5. Practice working through the anxiety

I have come to realize more and more in my work as a therapist that insight alone is not enough. It’s not enough to simply know that we are anxious, or that a certain underlying feeling is the trigger for anxiety. We have to take that insight and put it into practice, and when we do that, I believe we will see the transformative change we are looking for. Psychologist Angela Duckworth, in her book Grit: The Power and Passion of Perseverance, describes the role “deliberate practice” plays in cultivating change. I have seen that when adolescents practice working with and through their anxiety, they experience more victory over it.

[Read more about Grit from FYI, and why it may matter more than grades.]

Here are some specific ways that a teenager can practice working out their anxiety:

  • Start with: Help an adolescent identify a specific area of life where they have anxiety. Then explore with them if there are some specific and tangible “baby steps” they can take to face the anxiety head on. Plan those steps out together, and encourage them to experiment with each one. For example, since anxiety can be socially isolating, I might encourage something like this: 1) Walk through a busy part of campus (hallway, cafeteria, etc.) and simply notice what they feel and think. Don’t do anything else for a couple of weeks. 2) Then I might encourage them to find just one person they know and strike up conversation with them. Try this over a few weeks. 3) Then as that friendship develops, I might encourage them to share just a little with that friend about what they are struggling with in terms of anxiety. You could go through a progression of steps like this with many topics, such as anxiety around giving a speech, or trying out for a team, or for feeling overwhelmed with homework. The more you know a teenager, the more you will be able to speak specifically into their experience. The key is to keep the teenager from isolating themselves and letting anxiety take over their day-to-day experience. Instead, look for small, achievable experiences that work in helping the adolescent face and work through their specific anxieties.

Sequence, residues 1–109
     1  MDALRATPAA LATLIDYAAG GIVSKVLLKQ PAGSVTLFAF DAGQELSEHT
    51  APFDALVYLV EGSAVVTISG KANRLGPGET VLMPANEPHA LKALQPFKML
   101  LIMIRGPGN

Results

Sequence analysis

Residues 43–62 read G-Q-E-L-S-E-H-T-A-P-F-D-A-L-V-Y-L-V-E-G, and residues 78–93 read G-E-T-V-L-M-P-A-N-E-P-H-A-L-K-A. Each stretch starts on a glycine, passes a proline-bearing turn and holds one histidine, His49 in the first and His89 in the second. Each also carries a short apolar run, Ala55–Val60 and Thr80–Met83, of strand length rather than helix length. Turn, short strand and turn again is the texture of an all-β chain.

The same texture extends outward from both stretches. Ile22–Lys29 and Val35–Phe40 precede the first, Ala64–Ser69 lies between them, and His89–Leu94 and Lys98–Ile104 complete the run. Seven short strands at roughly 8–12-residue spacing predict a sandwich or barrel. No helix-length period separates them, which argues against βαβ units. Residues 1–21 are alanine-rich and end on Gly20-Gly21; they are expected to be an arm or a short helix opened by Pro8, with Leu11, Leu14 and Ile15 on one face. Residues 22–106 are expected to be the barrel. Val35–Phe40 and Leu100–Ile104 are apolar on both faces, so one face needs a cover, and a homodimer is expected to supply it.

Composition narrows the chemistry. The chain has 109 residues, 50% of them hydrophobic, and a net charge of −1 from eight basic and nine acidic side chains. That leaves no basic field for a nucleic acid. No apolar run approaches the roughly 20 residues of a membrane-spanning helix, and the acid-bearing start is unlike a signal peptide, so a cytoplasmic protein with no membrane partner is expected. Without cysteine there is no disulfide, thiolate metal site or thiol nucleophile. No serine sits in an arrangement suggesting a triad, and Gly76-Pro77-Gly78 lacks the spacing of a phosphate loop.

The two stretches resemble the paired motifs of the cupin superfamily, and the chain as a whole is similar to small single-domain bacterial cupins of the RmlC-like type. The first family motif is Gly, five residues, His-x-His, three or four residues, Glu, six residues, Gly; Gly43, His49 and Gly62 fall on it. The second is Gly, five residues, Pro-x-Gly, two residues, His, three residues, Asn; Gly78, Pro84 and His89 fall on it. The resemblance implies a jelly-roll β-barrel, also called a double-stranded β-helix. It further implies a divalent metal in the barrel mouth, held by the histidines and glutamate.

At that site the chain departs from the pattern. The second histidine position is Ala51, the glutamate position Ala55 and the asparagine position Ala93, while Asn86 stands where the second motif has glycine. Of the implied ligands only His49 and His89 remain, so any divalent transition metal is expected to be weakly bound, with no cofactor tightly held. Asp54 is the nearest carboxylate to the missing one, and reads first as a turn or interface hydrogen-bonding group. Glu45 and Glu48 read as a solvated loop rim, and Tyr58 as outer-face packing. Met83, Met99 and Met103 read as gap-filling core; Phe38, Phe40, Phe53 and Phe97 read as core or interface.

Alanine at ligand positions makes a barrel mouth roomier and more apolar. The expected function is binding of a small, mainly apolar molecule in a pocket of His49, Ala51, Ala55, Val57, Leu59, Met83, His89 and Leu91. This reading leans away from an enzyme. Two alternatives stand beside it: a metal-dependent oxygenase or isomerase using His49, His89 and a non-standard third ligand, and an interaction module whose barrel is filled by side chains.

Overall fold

• Advanced tactics: Teach the young person to walk through these steps when they feel anxious: a) Say what you feel: e.g., “I feel inadequate.” b) Say what you normally do: e.g., “I normally become anxious.” c) Say your truth: e.g., “The truth is that I’m capable and have what it takes.” d) Say what different action you will take: e.g., “I am choosing to face my fears and have this difficult conversation/apply to that school/end this relationship/try out for this team.” This practice brings awareness to the automatic processes in our brain and body, and by bringing attention to these processes, helps us emotionally regulate and position ourselves to make a different, healthy choice. (And again, I’m indebted to Terry Hargrave’s restoration therapy model for developing this process).
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4 Smart Ways to Deal With Media Violence and Your Kid

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Cyber-bullying Video Tutorial

Check out this 5 minute video about cyber-bullying. I was not able to find the two videos it suggests to watch during this case study, but there is still a lot in this video that is worth learning and having honest conversations about

Click here to see some of their other cyber-bullying related videos

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Should You Make Your Kids Go To Church?

Should you make your kids go to church? This is a question many parents and people who work with youth constantly ask. There are not easy answers and there can be fear with either answer of yes or no. This article offers some food for thought and some positive ways to frame this question.